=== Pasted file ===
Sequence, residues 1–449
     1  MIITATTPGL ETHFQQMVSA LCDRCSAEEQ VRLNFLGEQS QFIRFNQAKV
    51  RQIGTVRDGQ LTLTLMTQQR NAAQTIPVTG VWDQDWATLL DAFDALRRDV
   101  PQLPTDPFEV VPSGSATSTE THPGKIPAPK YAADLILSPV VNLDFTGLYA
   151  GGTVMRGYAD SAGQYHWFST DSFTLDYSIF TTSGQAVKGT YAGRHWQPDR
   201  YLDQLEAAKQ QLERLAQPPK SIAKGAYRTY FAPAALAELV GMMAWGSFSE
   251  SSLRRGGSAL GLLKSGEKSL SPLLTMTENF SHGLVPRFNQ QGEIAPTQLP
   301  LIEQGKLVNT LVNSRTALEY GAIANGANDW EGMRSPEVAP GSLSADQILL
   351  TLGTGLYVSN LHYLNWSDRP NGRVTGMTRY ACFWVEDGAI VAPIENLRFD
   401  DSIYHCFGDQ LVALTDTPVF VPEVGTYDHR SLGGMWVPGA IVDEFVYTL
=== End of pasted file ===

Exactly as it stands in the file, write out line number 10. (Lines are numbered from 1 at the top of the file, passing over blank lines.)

   401  DSIYHCFGDQ LVALTDTPVF VPEVGTYDHR SLGGMWVPGA IVDEFVYTL